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Friday, 18 October, 2002, 09:53 GMT 10:53 UK
Nice poll goes down to the wire
Bertie Ahern
Defeat could have personal consequences for Bertie Ahern

Soon after his May election triumph, Irish Prime Minister Bertie Ahern said victory in Saturday's referendum on the EU's Nice Treaty would be one of his top priorities.

Signpost of the No campaign
The outcome may depend on the turnout
It was the right thing to do, he said, to facilitate the enlargement of the European Union.

Since that day, little has gone right for Bertie. Like Ireland's football manager, Mick McCarthy, his reputation has taken one knock after another - though he has not yet been booed as Mick was after Ireland's defeat by Switzerland on Wednesday.

Mr Ahern has faced allegations of election irregularities, of appointing a corrupt minister to his first government five years ago. There have been persistent reports that his own backbenchers are out to oust him.

One small consolation is that the main opposition parties - who also want a Yes vote - are urging their supporters to hold their fire and not to punish the government on Nice.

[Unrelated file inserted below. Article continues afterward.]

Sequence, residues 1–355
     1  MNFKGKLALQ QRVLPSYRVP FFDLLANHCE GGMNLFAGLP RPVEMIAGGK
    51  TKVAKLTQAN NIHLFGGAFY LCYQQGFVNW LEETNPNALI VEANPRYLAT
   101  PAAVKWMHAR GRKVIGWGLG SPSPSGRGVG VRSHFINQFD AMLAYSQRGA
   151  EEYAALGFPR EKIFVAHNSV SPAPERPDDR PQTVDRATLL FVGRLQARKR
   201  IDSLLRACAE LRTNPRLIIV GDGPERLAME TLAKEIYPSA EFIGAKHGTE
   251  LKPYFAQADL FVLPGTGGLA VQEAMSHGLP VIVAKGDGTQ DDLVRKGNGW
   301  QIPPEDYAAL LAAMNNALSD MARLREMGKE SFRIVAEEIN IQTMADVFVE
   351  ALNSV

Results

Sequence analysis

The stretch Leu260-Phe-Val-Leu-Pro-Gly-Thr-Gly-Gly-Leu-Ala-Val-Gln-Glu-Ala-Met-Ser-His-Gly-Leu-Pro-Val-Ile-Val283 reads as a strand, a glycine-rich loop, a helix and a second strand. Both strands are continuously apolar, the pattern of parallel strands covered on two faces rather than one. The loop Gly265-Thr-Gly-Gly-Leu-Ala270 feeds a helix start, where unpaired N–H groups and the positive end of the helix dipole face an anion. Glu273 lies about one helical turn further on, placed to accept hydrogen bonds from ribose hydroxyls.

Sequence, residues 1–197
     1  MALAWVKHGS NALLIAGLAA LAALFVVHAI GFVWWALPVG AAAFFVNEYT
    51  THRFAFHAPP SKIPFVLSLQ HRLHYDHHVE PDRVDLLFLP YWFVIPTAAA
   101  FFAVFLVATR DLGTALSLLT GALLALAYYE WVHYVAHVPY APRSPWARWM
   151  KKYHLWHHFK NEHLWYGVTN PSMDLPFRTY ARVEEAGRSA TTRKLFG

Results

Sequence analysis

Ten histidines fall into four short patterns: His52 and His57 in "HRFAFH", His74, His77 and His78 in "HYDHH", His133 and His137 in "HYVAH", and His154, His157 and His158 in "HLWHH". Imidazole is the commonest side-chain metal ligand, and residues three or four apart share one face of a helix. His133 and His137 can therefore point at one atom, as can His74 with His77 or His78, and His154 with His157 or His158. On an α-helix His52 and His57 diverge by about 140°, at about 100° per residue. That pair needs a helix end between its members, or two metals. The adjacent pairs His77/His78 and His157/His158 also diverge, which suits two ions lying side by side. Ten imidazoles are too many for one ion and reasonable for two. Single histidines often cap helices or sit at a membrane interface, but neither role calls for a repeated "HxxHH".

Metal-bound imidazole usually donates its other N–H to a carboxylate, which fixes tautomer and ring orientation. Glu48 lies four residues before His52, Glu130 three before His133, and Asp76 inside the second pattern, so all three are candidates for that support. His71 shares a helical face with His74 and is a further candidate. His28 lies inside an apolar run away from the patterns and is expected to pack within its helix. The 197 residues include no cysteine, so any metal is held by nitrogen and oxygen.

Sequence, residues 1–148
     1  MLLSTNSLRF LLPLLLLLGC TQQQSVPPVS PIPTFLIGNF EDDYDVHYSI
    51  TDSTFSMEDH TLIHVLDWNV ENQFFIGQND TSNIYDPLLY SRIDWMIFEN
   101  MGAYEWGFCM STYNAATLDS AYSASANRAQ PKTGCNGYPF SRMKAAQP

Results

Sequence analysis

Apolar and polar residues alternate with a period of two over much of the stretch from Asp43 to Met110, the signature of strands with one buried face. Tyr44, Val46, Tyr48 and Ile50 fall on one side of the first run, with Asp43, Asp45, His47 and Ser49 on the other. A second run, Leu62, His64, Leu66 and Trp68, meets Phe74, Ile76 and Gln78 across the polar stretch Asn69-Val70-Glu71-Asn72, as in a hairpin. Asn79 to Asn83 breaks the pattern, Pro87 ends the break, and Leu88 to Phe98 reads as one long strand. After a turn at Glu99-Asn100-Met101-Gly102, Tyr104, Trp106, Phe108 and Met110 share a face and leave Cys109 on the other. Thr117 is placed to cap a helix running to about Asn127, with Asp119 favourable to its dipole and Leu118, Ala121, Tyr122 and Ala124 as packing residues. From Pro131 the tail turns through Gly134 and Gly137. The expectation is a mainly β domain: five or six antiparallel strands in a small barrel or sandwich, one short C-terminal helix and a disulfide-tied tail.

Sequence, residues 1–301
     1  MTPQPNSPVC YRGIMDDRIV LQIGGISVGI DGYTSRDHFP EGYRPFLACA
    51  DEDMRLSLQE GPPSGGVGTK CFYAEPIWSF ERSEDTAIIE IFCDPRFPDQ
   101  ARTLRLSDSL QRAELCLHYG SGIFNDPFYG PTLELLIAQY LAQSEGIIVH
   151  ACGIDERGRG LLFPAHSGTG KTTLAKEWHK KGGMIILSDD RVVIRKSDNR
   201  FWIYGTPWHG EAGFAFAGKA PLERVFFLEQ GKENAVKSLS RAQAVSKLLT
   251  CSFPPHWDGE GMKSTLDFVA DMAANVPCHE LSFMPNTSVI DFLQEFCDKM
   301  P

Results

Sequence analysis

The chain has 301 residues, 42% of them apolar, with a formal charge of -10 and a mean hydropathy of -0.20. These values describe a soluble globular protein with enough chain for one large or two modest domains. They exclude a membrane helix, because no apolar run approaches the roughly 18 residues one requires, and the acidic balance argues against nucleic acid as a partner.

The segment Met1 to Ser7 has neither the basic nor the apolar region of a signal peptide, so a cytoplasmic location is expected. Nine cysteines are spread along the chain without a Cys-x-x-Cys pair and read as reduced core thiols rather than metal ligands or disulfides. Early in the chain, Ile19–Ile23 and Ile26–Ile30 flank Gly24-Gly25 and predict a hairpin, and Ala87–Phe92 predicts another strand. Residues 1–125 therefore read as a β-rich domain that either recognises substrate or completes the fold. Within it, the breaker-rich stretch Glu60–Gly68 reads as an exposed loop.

To vote No for domestic political reasons, the Fine Gael and Labour parties say, is only to penalise those in the EU applicant states.

Fight for votes

The Irish Prime Minister can take some comfort from the reassuring results of the latest opinion polls.

But with so many still undecided the result may well depend on which side gets its supporters out.

Signpost of the Yes campaign
All main parties are pushing for a Yes vote
Both Yes and No campaigners believe that any turnout of over 40% guarantees a victory for the government.

Anything less and the No side will be quietly confident.

Mr Ahern has promised to fight for every vote right up to the close of polls.

He is only too aware that last year the Yes side lost because it took the people for granted and didn't bother to campaign.

So, Nice was rejected by 54% to 46% with a turnout of 35%.

Neutrality

On doorsteps and in radio and television studios he and his ministers have taken on the No side accusing them of telling "untruths."

But people are confused.

Lamp-posts are festooned with posters urging people to vote Yes to save neutrality and jobs and others urging a No vote to protect neutrality and jobs.

No wonder so many still haven't made up their mind.

The Irish Prime Minister must be praying that the combined forces of the government, the main opposition parties, the trade unions, employers groups and the Catholic Church will persuade the undecided to vote Yes.

But a defeat could have personal consequences for Mr Ahern.

He knows at least that if he wins tomorrow he is likely to be in his job a lot longer than Mick McCarthy.


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17 Oct 02 | Europe
16 Oct 02 | Europe
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